Cheers,
    David
     
    David J Taylor, Apr 7, 2008
    #7
  8. Focus Guest

    "David J Taylor"
    <-this-bit.nor-this-bit.co.uk> wrote in
    message news:%VmKj.3660$...
    > wrote:
    >> I primarily shoot 35mm, medium format and large format. New baby
    >> coming next month so its time for a dSLR.

    > []
    >> Canon XSI advantages
    >>
    >> + $300-350 cheaper
    >> + Lots of bang for the buck
    >> - disadvantages: "plasticky" body? pentamirror vs. pentaprism?
    >> would order site unseen/unreviewed?
    >>
    >> Looking for thoughts/opinions to help my decision.

    >
    > If cost is important, consider the Nikon D40/D40x/D60. Do go to the shop
    > and hold the cameras - I was open between Canon and Nikon, having no
    > lenses from either, and the Nikon immediately felt more comfortable to me
    > than the Canon. I've had my D40 for some months now, and been very
    > pleased with the results. Today, I would get the 18-55mm VR (image
    > stabilised) lens, or even the 16-85mm VR lens.
    >
    > http://www.dpreview.com/news/0801/08012909nikkor1685vr.asp
    >
    > I have also bought the 70-300mm VR lens with which I have been very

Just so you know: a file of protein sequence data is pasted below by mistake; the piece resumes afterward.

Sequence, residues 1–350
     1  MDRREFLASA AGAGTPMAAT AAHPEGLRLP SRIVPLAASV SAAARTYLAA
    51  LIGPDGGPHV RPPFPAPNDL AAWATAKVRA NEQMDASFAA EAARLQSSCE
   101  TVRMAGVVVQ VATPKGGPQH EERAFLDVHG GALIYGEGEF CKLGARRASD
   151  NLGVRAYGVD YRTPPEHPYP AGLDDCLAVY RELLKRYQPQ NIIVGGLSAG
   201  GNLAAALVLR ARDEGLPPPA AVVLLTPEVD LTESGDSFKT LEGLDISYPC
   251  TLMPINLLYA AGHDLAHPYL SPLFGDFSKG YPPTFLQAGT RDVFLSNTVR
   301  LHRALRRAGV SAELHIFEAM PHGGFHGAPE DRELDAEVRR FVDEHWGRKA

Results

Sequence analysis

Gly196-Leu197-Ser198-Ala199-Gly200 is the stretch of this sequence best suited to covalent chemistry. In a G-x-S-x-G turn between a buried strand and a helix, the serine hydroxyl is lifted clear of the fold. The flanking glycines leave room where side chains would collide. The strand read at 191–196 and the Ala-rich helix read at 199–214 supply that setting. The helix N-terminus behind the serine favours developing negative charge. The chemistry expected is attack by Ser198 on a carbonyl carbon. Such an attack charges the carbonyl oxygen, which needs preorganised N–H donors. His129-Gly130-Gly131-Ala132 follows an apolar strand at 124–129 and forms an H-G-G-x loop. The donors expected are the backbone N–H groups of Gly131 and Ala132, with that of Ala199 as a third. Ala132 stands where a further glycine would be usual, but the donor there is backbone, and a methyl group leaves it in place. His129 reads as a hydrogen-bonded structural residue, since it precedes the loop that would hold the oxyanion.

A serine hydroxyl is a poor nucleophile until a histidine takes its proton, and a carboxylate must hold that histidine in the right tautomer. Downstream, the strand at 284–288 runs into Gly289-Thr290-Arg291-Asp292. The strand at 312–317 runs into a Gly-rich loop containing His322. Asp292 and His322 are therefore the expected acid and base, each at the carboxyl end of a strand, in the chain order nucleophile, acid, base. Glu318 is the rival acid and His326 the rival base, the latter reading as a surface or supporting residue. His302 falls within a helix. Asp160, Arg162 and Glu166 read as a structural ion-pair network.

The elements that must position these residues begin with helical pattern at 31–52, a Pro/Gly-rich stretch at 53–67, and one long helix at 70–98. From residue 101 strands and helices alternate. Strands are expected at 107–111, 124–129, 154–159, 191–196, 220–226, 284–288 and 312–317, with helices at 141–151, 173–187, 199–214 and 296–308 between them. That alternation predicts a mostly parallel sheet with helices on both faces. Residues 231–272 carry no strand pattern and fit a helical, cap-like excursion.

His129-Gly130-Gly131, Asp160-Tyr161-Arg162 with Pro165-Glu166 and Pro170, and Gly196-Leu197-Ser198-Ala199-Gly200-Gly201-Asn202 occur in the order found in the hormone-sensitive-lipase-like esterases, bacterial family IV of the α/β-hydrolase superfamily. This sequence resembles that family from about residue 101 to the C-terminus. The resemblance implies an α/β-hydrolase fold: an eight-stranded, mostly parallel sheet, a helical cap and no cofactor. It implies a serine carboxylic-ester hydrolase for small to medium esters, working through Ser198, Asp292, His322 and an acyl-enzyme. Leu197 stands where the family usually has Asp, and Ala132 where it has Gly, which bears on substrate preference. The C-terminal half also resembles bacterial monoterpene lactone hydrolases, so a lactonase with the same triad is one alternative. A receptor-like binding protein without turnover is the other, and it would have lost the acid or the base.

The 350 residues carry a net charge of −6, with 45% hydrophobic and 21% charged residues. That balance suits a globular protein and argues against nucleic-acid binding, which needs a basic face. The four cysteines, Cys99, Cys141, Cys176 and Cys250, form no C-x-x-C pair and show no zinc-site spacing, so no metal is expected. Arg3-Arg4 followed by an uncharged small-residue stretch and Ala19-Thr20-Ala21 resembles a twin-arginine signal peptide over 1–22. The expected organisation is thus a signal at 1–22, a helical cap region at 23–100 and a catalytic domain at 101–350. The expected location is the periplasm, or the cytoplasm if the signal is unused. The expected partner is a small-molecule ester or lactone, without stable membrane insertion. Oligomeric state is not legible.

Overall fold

> pleased:
    >
    > http://www.dpreview.com/news/0608/06080901nikonafs70-300vrlens.asp
    >
    > I got the D40 as I don't really need more than 6MP for my work.


    Very good for the money indeed. I had it before the D40x and now the D300.
    Considering the little difference in money I would now go for the D60. The
    MP difference is pretty big and if not for printing, it still gives
    advantage for cropping and sharper pics.
    I would get it with the 18-135; it gives just enough zoom to keep going for
    some time without having to get an new lens. The picture quality is one of
    the best in it's price range. Even better then the more expensive 18-70.


    --
    Focus
     
    Focus, Apr 7, 2008
    #8
  9. Focus wrote: